Reading has always been an integral part of civilization. Reading has helped humankind to build a future that we live in right now. Reading books isn’t just filling your head with knowledge instead it’s nourishing your mind and here are the benefits you can reap from it. For many of us these days, reading has been reduced to the occasional clicked-on article showing up on our Facebook or Twitter feed, GPS directions, and the monthly bills. That’s about it what we read on a daily basis and this is the problem.
People need to understand reading books not only entertains them but gives a broader perspective to things. Reading helps people’s brains process information both visually and verbally more effectively. Brains that can’t read might also struggle to process verbal information which could be why a slow reader may lag in other academic areas. Reading improves every aspect of a person’s communication skills. There are a lot more perks of reading for your brain. Let us explore it one by one.
Reading is a powerful way to grow, discover, create, and experience the fullness of our world. It is a gift. The art of reading has an impact on our physical and emotional state. We relax when we read, a study from the University of Sussex found that it only takes 6 minutes of reading to reduce stress and enhance our relaxation. It slows our heart rate, reduces muscle tension, and reduces our stress levels. Reading combats mental decline, increases mental capacity and individuals who fail to read regularly experience a mental decline at a rate of 48% faster than those who read regularly throughout their lives.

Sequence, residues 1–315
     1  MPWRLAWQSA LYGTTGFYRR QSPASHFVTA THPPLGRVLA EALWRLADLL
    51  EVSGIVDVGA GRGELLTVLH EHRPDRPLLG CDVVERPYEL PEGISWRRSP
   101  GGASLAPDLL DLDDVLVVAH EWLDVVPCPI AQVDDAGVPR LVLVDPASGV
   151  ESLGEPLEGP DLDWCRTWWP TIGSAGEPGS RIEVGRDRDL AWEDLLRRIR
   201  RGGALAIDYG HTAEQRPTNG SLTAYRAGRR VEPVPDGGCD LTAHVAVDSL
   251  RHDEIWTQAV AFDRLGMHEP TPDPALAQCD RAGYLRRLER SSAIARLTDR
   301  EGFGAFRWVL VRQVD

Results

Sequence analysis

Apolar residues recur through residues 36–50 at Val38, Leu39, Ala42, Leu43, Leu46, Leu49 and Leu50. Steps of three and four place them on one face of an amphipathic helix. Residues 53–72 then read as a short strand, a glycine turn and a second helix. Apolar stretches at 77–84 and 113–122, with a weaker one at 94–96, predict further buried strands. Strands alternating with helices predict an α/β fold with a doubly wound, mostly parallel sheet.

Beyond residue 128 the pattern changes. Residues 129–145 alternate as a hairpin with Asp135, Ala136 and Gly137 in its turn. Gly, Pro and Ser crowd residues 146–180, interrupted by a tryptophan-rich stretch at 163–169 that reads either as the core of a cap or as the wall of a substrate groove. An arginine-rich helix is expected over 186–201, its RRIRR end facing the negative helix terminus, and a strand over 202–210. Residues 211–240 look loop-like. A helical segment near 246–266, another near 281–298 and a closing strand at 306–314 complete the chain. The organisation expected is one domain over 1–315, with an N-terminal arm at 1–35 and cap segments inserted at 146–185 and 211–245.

Increases Intelligence power
Diving into a good book opens up a whole world of knowledge starting from a very young age. Exposure to vocabulary through reading (particularly reading children’s books) not only leads to a higher score on reading tests but also higher scores on general tests of intelligence for children. Plus, stronger early reading skills may mean higher intelligence later in life. Nowadays, many young children are lacking in competent reading skills. In an age, where technology is everywhere, the humble book has taken a backseat. Try reading a short story before bedtime every night or have designated family time for a reading activity to increase the quality of language skills, vocabulary and comprehension skills.
Provides Escape From Real World
We’ve all been there. There are some days when you just have to throw in the towel and check out of your life for a bit. And losing yourself in a book is a safe, easy, effective, and inexpensive way to take a mental vacation (without all the stress of airline travel.) Plus, unlike vacationing in the real world, your literary travels aren’t limited by time, geography, space, or even physics. You can go anywhere, anytime. Travelling through the battlefield of Kurukshetra or exploring space with Neil deGrasse Tyson and questioning the existence of humans with “Cixin Liu” there is no limit to where we can go.
Reading Improves Creative part of the Brain
If you’ve read “Tiny Beautiful Things” by Cheryl Strayed, then you already know exactly what this means. And if you haven’t, definitely check it out. Book-inspired problem-solving isn’t limited to the For Dummies book series. No matter what you might be going through in your life, you’ll be able to find a book, or even several other featuring characters who have experienced something similar and their hard-won lessons can help you think differently or approach a problem in a way that hadn’t occurred to you before.
Reading Develops Empathy for Others
People who read fiction have been shown to improve the level of empathy, the ability to understand someone else’s beliefs, feelings and thoughts. Known as the theory of mind. We all know as readers that books allow us to experience life from the vantage point of someone else and that shifting worldview won’t just impact us in our on-the-page world, reading can also help increase empathy in our real-world relationships too.
Reading has the bizarre positive effect on the brain with scientific research backing it. It doesn’t matter if you read a book on an electrical device or a paperback, unless and until you are reading a book. If reading leads to us treating ourselves and others better and helps with mental decline, what more motivation does one need to pick up a good book?